ORLANDO (CBSMiami/AP) – Florida Governor Ron DeSantis announced Friday that more Remdesivir, a drug which has been found to help COVID-19 patients, is on its way to Florida.

At a news conference on Friday in Orlando, DeSantis answered questions regarding the state’s response to the COVID-19 pandemic and announced a that a major shipment of Remdesivir will be delivered to Florida on Saturday.

“I’m happy to report that on Saturday our hospitals will be receiving additional Remdesivir. So we’ve got 427 additional cases coming. That’s 17,080 additional vials of Remdesivir. So that will be something that hopefully will help to improve patient outcomes particularly when the patient comes in early,” said DeSantis.

Early studies testing Remdesivir in patients hospitalized with COVID-19 found that those who received the treatment recovered quicker than those who didn’t. It is the only drug licensed by both the U.S. and the European Union as a treatment for those with severe illness from the coronavirus.

Meantime, Florida reported 93 more deaths from COVID-19 on Friday as the state’s total caseload grew by another 11,433 people infected.

The rate of Florida deaths per day has reached a seven-day average of about 59, up from about 33 three weeks ago, and approaching the deadliest period in the pandemic in early May when that average briefly touched 60.

The cumulative number of deaths in Florida was 4,102 on Friday, and the number of confirmed cases of the virus climbed to 240,710. The state also reported a record daily high of 435 newly hospitalized people who were positive for the virus, though that partly reflects expanded routine testing for inpatients and includes those seeking hospital care for other reasons.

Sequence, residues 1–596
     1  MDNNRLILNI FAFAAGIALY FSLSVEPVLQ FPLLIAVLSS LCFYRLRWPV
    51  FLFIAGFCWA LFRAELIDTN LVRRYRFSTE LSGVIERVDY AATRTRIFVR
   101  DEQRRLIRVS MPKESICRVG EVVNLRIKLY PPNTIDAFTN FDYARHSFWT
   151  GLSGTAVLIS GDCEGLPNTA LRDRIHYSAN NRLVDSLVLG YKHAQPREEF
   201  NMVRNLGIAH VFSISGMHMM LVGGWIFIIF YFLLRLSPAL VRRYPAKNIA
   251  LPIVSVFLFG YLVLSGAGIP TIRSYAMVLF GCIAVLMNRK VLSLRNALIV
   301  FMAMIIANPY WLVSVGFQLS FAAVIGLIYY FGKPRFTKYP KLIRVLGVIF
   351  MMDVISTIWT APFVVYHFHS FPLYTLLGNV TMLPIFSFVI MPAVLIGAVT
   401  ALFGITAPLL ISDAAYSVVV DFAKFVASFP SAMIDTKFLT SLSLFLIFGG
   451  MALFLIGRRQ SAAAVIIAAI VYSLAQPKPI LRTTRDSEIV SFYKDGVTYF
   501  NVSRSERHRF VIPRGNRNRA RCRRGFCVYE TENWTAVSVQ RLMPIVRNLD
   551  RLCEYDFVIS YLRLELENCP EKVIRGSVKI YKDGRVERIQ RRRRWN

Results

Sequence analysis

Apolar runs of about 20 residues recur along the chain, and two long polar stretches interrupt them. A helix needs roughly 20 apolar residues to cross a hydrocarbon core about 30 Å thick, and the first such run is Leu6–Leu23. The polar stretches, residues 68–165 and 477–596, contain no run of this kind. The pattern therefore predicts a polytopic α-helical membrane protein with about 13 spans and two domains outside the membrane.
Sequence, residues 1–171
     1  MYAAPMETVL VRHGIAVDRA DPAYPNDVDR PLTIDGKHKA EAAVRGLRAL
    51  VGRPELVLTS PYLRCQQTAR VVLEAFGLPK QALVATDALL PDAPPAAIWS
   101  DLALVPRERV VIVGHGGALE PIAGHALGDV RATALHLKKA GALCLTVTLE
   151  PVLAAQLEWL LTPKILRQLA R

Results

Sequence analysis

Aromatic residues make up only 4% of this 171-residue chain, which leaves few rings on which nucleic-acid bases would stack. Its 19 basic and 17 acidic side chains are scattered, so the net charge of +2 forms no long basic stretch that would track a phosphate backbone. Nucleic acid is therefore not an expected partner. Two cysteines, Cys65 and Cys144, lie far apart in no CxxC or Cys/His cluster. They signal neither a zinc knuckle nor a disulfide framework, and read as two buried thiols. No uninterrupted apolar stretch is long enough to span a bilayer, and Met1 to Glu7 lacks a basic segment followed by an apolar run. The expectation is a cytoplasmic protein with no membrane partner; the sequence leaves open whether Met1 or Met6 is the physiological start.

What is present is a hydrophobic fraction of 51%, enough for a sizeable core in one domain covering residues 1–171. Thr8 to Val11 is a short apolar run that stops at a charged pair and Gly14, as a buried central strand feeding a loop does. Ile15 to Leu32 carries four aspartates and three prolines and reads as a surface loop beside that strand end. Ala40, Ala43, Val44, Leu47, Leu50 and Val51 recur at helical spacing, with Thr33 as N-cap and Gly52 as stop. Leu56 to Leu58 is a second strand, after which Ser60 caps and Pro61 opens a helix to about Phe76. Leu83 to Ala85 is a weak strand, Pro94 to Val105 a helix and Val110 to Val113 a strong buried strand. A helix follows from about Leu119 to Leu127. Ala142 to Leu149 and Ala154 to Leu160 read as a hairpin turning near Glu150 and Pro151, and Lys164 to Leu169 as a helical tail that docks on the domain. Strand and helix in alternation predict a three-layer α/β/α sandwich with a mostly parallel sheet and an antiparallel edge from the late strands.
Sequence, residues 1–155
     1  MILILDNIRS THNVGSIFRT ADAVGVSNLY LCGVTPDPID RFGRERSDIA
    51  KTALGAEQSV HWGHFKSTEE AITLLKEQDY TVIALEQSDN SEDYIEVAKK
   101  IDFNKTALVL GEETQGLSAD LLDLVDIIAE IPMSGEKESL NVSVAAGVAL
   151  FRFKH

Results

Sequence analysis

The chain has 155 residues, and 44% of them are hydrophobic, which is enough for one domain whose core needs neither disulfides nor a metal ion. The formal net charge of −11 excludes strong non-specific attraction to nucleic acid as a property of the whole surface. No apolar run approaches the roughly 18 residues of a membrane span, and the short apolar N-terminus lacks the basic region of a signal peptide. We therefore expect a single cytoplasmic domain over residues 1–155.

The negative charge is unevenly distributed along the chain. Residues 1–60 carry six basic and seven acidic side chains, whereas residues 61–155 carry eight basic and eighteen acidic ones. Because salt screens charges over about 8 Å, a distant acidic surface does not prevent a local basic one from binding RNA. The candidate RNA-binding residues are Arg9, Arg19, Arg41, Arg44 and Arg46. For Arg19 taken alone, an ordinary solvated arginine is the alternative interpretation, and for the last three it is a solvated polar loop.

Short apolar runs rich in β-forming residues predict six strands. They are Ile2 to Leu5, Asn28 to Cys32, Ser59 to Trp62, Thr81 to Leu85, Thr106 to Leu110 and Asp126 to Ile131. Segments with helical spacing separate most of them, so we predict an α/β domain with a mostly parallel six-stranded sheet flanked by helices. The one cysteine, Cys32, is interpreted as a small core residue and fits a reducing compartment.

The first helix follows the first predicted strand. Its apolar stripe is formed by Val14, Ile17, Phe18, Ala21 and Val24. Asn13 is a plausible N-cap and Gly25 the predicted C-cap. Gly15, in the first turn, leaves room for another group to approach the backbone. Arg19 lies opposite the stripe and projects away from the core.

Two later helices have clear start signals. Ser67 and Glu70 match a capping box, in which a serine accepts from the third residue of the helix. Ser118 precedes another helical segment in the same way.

“The testing overall is obviously very robust,” said DeSantis. “We got back today reported 95,000 test results in one day in the state of Florida. You go back to the beginning of the pandemic I mean our country initially wasn’t even doing 95,000 in a day. I think it probably took them sometime in the middle of the end March to even be able to reach 100,000 so this is a robust level of testing. Positivity was down and we’ll see you’ve got to do this over 4-5 days to really know. But the Orange County Convention Center site here has done about 64,000 tests during the course of the pandemic. That is the most tests of any single site anywhere in the state.”

Coronavirus hospitalizations were highest in Miami-Dade County, with 1,388, followed by Broward County with 969 and Palm Beach County with 606. Orange County, home to Disney World and other theme parks, had 478 virus hospitalizations and Duval County, where the Republican National Convention is scheduled to take place next month, had 439.

COVID ICU admissions and bed capacity in Miami-Dade reached 97.23% on Friday, according to the New Normal Dashboard.

A doctor’s group gathered outside the Governor’s mansion in Tallahassee on Friday morning to urge him to issue an order mandating the use of face masks statewide.

Physicians for Social Responsibility said it had gathered more than 1,000 signatures from physicians across Florida calling for the mandatory use of masks in public places as an important step in controlling the spread of the virus. In most of the state’s heavily populated areas, local mask orders are already in place.

“The governor will have to own up and take personal responsibility for these sick and dead Floridians,” said Dr. Ron Saff, a Tallahassee allergist and a board member of the group, which urged the public to phone and email the governor.

DeSantis, a Republican, has thus far resisted those calls, arguing that local governments must decide for themselves if stricter levels of protection are needed. Florida’s most heavily populated municipalities mostly have done so already.

“One size does not fit all in Florida,” said his spokeswoman, Helen Ferre, who also cast doubt on the effectiveness of mandates, noting that the Miami area has had face mask rules in place since April, yet the area continues to be a COVID-19 hot spot.

Dr. Anthony Fauci, the director of the National Institute of Allergy and Infectious Diseases, suggested on Thursday that Florida might have opened up too quickly.

“Despite the guidelines and the recommendations to open up carefully and prudently, some states skipped over those and just opened up too quickly,” Fauci said on FiveThirtyEight’s weekly “PODCAST-19.”

“Certainly Florida I know, you know, I think jumped over a couple of checkpoints,” he said.
Ferre had no immediate comment on the Fauci interview.

(© Copyright 2020 CBS Broadcasting Inc. All Rights Reserved. The Associated Press contributed to this report.)